Tag Archives: loss

Alone Down There

11 Jun

Can one lose love? Like, truly lose it. I know not everyone is capable of love in the first place. That was an unfortunate realization, when it came. But the ability to share it, create it, express it, spread it… can one lose that?

Have I lost it? Am I so salty now that cynicism and pragmatism are all that is left?

That seems so stark.

But realistic.

I loved too severely and enduringly and now I’ve exhausted my cache, maybe. I’ve just run out?

I think I caught a disease, y’all, the one where you get incapable of hope. I may have to resign my optimism because yes, everyone I know will one day die, we will all hurt and our hearts will break and our bodies tear up and give out and the sparkles fade from our smiles. It is all downhill. And then your dreams begin to fade and shift and there is no and sweeping solution. There is none at all.

One more time around might do it. 

Perhaps it would be better without the expectation of love? Because life without it isn’t necessarily awful. I can love Mr. Frank and fireflies and open water. And anything else is a bonus. Maybe love can be lost, and I don’t know if I’ll find it again. Life can feel loveless in a raw way, and perhaps I’ll just settle with that fact. I’m tired, after all.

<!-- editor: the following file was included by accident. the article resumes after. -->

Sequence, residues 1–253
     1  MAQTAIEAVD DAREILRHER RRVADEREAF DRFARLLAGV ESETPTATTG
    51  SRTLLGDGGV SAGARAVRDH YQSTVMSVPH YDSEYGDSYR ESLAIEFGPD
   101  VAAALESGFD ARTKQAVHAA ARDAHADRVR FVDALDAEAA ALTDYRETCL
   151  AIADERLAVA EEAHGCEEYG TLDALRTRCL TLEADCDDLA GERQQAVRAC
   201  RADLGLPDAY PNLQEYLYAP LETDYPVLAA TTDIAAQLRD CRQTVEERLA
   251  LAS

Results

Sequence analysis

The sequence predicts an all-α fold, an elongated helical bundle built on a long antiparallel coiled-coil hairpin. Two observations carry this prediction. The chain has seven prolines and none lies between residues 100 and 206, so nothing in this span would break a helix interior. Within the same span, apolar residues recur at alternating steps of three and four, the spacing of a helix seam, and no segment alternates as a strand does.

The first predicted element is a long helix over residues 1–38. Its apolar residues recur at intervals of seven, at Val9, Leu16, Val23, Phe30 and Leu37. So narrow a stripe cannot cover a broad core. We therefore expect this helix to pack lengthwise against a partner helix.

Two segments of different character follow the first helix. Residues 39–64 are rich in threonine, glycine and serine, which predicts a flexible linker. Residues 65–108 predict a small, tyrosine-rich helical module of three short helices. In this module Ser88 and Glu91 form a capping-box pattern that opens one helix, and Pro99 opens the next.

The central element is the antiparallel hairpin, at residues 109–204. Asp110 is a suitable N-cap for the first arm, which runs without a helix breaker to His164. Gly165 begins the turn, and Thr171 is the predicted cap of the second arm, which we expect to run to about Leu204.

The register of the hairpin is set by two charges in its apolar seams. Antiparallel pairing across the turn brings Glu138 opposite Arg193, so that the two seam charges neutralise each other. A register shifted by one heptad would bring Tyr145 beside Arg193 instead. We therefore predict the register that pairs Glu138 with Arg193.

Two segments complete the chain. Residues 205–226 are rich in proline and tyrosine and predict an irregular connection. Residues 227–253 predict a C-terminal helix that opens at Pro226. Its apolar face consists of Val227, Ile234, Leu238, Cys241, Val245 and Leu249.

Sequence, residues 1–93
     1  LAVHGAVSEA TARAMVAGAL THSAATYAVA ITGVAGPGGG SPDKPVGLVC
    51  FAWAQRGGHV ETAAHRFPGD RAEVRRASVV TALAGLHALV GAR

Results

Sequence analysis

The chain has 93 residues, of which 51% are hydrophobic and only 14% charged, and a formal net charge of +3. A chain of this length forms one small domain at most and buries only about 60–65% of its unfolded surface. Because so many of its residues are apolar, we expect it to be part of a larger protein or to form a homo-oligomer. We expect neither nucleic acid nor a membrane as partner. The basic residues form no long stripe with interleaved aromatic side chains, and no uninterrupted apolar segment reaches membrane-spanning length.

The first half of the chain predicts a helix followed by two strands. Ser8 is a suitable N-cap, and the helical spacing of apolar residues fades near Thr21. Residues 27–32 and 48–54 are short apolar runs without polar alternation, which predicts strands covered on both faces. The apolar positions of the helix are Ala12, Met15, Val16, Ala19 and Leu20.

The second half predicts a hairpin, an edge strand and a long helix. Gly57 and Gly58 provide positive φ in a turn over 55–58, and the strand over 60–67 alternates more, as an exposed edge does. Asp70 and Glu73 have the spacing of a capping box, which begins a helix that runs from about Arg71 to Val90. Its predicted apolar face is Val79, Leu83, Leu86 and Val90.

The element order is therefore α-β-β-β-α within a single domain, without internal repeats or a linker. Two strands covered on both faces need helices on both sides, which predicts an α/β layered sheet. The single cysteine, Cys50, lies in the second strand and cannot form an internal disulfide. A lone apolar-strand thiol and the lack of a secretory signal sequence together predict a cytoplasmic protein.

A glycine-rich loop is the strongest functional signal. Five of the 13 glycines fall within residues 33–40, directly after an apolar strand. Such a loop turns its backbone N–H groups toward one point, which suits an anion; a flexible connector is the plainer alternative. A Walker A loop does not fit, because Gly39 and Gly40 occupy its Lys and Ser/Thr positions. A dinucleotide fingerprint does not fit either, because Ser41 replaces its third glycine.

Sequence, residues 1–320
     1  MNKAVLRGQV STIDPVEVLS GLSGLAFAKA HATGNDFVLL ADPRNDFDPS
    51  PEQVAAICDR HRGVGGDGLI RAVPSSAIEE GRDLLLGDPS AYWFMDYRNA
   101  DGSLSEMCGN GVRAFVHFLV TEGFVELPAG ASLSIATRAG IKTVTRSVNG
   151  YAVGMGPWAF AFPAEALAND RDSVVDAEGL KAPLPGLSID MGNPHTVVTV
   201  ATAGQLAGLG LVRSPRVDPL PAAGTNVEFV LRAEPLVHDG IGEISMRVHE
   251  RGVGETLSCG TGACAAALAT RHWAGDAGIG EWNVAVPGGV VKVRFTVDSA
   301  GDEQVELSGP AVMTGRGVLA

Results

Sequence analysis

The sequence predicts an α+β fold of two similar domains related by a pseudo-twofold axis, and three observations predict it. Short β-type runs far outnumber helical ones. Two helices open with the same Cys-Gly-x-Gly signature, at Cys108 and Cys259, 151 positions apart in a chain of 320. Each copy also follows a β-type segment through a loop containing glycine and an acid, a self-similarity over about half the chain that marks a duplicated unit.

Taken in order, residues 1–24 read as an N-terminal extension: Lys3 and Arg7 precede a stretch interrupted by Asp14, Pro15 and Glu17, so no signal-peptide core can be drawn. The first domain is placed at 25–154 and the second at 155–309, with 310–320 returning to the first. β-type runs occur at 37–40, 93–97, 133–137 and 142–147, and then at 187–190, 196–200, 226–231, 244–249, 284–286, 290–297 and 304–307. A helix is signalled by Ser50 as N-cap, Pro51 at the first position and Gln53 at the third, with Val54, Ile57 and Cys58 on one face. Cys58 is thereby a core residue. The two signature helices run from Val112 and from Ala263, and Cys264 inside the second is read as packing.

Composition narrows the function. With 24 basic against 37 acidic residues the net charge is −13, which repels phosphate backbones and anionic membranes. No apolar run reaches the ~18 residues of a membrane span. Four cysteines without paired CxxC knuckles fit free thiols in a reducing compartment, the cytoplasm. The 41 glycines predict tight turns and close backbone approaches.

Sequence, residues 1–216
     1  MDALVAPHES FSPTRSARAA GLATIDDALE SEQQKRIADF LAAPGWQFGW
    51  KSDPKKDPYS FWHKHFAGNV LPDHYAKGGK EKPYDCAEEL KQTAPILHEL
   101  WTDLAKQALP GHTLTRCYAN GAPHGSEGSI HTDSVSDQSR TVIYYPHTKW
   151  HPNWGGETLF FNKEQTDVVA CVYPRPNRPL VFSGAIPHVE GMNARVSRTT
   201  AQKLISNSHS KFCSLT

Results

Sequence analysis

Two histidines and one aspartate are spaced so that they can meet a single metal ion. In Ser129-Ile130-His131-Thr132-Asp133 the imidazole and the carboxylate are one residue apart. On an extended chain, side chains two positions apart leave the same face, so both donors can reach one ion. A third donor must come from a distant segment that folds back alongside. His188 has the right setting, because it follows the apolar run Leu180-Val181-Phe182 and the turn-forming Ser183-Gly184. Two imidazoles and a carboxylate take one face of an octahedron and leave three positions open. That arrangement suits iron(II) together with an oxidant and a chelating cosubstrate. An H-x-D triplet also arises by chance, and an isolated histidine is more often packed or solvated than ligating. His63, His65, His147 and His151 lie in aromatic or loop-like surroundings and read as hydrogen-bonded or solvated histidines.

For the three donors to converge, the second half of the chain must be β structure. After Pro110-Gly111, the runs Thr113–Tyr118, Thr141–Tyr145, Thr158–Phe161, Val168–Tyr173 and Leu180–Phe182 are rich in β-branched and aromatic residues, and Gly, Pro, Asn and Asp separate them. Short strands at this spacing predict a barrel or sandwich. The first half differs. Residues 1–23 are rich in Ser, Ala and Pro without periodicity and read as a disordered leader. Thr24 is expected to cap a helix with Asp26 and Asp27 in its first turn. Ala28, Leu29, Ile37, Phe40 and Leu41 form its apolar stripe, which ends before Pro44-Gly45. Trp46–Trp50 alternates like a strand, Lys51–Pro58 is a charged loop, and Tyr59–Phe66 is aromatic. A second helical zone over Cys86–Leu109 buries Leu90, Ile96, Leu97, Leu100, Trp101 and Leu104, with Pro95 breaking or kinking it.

But c’est la vie. I told you me alone with my thoughts is frightening.

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Dia de los Muertos

7 Nov

Some wonderful friends hosted a lovely Dia de los Muertos luncheon on Sunday. They invited me to mourn Floyd. It makes my heart ache with love that they didn’t trivialize my loss or my pain because she was not human.

So I went and on the ofrenda or alter Frank and I hung up her name next to the others. It felt good to remember the dead, to acknowledge their passing, and to be amongst friends. It gave me some closure. Because you can’t have a funeral for a cat (though I desperately wanted to and thought she deserved it), I definitely needed that.

What an amazing and necessary holiday.